How would you define elder abuse?

A think tank is calling on Australians to help it define elder abuse, so the Federal Government can develop a strategy to deal with a potential crisis as more baby boomers lose their independence.

Research suggests that between two per cent and 10 per cent of older Australians are subjected to abuse each year, usually by a family member, and that instances of neglect are even higher.

The Australian Institute of Family Studies (AIFS) is being funded by the Attorney-General’s Department to develop the first stage of a project titled Elder Abuse National Research Strengthening the Evidence Base. The project comprises:

  • working with the National Ageing Research Institute (NARI) to engage key stakeholders to develop a nationally accepted and usable Australian definition of elder abuse

  • working with the Social Research Centre to develop and test instruments to measure elder abuse against the Australian definition

  • working with the Social Policy Research Centre to develop a data analysis plan and conduct secondary data analysis to answer key research questions on elder abuse. 

“The project will commence with a series of workshops across Australia with key stakeholders and professionals in this field,” the AIFS said in a statement. “This will be followed by a number of surveys with the elder community, general public and service providers to refine the definition of elder abuse …”

The institute aims to develop a comprehensive picture of the contexts, dynamics and risk factors associated with elder abuse by interrogating existing data sources.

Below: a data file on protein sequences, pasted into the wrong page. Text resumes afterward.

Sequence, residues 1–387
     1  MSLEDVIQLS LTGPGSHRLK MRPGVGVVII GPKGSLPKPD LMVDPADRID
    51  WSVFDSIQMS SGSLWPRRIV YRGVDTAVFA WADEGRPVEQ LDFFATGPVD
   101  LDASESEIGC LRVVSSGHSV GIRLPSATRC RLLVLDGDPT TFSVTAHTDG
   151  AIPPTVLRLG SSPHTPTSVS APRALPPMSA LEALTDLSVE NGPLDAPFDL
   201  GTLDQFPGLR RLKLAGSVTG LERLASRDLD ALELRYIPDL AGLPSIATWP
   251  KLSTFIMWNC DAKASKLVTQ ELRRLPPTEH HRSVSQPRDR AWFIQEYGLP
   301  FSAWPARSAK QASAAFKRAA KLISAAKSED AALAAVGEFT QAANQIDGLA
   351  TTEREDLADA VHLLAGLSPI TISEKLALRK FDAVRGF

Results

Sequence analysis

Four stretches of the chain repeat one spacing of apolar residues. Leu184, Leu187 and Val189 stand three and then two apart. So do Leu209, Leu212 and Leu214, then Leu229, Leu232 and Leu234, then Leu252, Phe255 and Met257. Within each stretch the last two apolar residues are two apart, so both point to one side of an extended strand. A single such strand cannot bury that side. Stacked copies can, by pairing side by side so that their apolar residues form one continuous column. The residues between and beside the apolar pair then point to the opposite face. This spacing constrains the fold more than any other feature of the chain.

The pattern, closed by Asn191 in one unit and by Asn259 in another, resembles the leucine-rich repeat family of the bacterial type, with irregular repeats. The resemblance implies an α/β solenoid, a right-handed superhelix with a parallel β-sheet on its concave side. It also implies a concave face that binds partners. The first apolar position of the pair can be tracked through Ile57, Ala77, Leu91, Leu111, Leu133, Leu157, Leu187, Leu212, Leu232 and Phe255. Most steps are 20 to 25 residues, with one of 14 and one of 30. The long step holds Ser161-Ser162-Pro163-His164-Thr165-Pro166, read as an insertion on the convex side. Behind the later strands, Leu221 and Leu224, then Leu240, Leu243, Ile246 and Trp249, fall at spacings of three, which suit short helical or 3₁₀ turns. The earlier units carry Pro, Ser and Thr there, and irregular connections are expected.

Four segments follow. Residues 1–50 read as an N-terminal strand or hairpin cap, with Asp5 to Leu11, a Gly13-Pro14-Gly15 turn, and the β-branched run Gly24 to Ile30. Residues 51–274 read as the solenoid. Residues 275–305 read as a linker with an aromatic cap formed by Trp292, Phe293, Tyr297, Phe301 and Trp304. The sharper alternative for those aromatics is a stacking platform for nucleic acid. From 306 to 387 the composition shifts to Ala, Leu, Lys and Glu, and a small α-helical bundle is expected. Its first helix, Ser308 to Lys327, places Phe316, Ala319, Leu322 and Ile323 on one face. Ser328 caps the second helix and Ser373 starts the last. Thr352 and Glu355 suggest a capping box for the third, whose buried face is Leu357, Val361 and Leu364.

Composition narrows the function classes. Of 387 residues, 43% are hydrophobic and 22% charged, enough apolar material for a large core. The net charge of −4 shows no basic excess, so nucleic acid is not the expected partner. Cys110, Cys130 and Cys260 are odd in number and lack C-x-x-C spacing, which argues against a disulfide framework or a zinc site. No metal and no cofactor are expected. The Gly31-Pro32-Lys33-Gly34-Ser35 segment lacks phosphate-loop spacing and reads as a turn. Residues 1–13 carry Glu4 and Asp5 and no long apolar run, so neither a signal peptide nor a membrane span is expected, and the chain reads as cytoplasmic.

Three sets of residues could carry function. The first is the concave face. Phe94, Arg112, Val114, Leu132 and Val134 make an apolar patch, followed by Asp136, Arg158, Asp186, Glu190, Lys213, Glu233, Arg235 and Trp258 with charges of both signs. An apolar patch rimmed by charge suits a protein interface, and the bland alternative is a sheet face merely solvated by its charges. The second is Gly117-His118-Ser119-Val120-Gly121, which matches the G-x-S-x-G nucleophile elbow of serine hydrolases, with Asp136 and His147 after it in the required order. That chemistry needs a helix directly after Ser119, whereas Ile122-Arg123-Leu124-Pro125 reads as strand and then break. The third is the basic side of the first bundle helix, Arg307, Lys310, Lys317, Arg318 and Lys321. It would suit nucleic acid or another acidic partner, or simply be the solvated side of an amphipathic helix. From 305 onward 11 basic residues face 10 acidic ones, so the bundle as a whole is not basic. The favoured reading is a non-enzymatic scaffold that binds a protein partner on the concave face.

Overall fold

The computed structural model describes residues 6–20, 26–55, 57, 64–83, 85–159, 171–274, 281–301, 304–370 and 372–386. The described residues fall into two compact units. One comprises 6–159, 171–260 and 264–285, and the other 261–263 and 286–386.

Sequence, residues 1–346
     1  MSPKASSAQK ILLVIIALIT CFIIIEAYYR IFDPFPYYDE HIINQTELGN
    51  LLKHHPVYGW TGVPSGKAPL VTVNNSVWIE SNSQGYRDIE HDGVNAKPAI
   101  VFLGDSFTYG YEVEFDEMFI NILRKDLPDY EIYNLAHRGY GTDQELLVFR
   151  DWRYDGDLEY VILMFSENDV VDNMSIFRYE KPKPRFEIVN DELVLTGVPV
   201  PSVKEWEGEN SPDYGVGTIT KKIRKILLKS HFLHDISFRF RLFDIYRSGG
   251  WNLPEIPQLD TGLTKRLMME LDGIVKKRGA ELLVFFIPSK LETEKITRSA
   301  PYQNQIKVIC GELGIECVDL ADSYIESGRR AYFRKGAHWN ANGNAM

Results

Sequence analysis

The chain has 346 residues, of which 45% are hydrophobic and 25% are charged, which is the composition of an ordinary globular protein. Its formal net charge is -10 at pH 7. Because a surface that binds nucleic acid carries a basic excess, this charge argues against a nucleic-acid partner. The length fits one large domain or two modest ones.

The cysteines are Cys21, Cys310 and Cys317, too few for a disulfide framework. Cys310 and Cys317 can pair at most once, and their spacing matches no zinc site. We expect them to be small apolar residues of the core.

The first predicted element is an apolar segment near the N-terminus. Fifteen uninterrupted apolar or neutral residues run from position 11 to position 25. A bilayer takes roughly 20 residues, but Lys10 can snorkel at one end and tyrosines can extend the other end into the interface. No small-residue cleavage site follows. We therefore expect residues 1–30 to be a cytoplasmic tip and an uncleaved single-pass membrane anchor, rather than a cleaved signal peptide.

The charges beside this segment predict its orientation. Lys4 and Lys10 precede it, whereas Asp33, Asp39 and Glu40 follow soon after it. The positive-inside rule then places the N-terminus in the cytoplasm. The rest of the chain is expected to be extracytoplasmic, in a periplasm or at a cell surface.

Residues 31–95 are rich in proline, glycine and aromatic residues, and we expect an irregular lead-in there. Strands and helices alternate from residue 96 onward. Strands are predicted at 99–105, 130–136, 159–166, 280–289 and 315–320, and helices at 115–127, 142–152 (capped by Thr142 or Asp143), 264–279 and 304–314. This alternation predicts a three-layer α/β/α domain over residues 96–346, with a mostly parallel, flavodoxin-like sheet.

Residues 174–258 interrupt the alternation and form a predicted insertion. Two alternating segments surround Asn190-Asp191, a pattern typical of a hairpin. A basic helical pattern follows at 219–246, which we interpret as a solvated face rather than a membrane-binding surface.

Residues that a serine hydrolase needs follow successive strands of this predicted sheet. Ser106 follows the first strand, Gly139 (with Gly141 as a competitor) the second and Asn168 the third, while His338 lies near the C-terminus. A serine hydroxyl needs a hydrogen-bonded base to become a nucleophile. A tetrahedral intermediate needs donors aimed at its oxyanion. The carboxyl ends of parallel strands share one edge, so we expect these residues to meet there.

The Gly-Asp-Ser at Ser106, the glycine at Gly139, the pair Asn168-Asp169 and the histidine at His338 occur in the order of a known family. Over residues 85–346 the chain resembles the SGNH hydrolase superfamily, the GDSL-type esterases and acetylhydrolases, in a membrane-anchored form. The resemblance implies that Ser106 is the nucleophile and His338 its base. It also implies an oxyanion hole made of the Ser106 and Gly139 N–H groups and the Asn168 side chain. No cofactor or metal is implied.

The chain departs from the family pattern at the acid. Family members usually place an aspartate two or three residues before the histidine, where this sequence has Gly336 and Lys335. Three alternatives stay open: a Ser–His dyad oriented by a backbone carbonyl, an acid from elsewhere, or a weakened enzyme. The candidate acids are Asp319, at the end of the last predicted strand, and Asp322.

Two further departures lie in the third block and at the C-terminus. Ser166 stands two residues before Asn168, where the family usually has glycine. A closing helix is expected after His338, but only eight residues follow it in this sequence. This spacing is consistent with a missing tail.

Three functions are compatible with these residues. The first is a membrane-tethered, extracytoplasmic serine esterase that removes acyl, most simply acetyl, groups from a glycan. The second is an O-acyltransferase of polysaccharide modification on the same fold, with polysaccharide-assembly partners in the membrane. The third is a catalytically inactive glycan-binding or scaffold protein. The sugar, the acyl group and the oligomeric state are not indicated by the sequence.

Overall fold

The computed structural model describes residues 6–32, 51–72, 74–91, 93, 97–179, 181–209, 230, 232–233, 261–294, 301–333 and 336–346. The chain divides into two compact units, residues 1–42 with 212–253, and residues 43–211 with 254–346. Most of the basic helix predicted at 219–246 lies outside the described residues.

The institute said that elder abuse can include “the physical, emotional, sexual or financial abuse or neglect of an older person by another person in a position of trust”.

“As older people make up an increasing proportion of the Australian population the potential reach of the abuse of older abuse may grow,” said Rachel Carson, Manager of the Family Law and Family Violence Team at AIFS. 

“To protect older people from abuse, we must first be able to identify and measure the extent of the problem,” she said. 

“We’re keen to make sure that we’re measuring the right things in the future.”

Anyone who would like to contribute their views about what defines abuse of older people can contact the project team before the end of January by email: [email protected] or phone (03) 9214 7865.

The AIFS is expected to report back to the Attorney-General in the second half of this year.

Related articles:
Financial abuse prevalent
Don’t suffer in silence
$15m war chest to protect elderly

Written by Olga Galacho

RELATED LINKS

Financial elder abuse is more prevalent than you may think

Financial elder abuse is more prevalent than you may think.

Elder abuse: where can you get help?

These five organisations are waiting to provide assistance with abuse.

Government pledges $15 million to protect older Australians

The Government makes a $15 million election pledge to protect older Australians.



SPONSORED LINKS

LOADING MORE ARTICLE...